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Stonehenge, Wiltshire. Of all the ancient sites in Britain, this is probably the most impressive, and certainly the best known. Standing in isolation on the wide expanse of Plain, it is to many visitors at once a familiar and yet strange sight because of the thousands of photographs that have been published, and strange because no picture can do justice to the magnificent concept of this huge stone construction.

The tallest stones are the uprights in the centre group of trilithons (trilithon = two upright stones supporting a third across the top). The tallest of these is 22 feet (6.7 metres) high and has another 8 feet (24 metres) below ground. This weighs about 45 tons (45 tonnes). The stones in the outer circle are slightly less massive, but these form the well-known Stonehenge outline of a row of openings. These stones are no rough lumps of material but have been carefully shaped in several ways. First observe the tops of some of the uprights which have lost their lintel, or top, stone. A 'knob' can be seen projecting from the top of the stone, and this is part of the mortice and tenon joint which locked the lintel in place on top. Also the lintels were dovetailed into each other. The lintels of the outer circle were also shaped on both inner and outer faces to make a smooth curve round the circle, and the uprights were also shaped, with a slight bulge in the middle to alter the apparent perspective, perhaps to make them appear even taller to someone standing below and looking up.

Current archaeological research shows that these stones were erected nearly 4,000 years ago. Carvings of a Bronze Age dagger (c. 2100 BC) and axe heads can be discerned on the righthand upright of the trilithon furthest from the present entrance (i.e. the most southerly stone) in a suitable sidelight. Beyond the stone circle is a low earth bank and ditch, and this, along with the Heel Stone which stands alone by the roadside, is even earlier. It has been dated to 4,600 years ago, and is thought to have been the first construction on the site.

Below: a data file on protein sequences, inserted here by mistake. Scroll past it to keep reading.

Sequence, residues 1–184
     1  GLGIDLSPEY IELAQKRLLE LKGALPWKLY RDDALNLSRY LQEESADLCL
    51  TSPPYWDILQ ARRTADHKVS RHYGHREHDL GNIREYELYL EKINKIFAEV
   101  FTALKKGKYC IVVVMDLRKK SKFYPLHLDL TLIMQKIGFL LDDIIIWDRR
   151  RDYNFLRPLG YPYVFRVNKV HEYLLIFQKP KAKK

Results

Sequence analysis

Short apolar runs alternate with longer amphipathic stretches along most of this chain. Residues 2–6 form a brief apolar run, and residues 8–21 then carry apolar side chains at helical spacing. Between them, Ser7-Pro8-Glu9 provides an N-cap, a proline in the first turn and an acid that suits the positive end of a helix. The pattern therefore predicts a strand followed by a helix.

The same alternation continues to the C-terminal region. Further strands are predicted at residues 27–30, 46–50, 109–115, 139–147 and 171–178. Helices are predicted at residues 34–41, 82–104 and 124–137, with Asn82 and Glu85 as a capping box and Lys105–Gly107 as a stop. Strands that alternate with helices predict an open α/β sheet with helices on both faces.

This great edifice has suffered over the centuries from the depredations of local people who, ignorant of its value, broke up and dragged away many stones to use for building purposes, and in more recent centuries visitors would stop at Amesbury to hire a hammer, which was used to chip off lumps of stone as souvenirs.

Although popularly connected with the Druids and their supposed sacrifices, Stonehenge was completed long before they came to Britain (which was around 250 BC. nearly 2,000 years after Stonehenge was finished). It was the romantic notions of the eighteenth-century antiquarians which populated the site with Druids and named the Altar Stone and the Slaughter Stone, and it is now thought unlikely that human sacrifice was ever practised here. As with many other ancient sites, its true purpose remains unknown, though recent research has resulted in some startling conclusions. In 1963 a professor of astronomy, G.S. Hawkins, announced that Stonehenge had been built for astronomical purposes, the alignment of stones pinpointing the positions of the midsummer and midwinter sunrises and sunsets, likewise those of the moon. It was also, he said, used to calculate eclipses of the moon. Although not all his ideas are fully accepted by archaeologists, there is little doubt that these features were part of the reason for the construction of Stonehenge. Read his book Stonehenge Decoded for the details.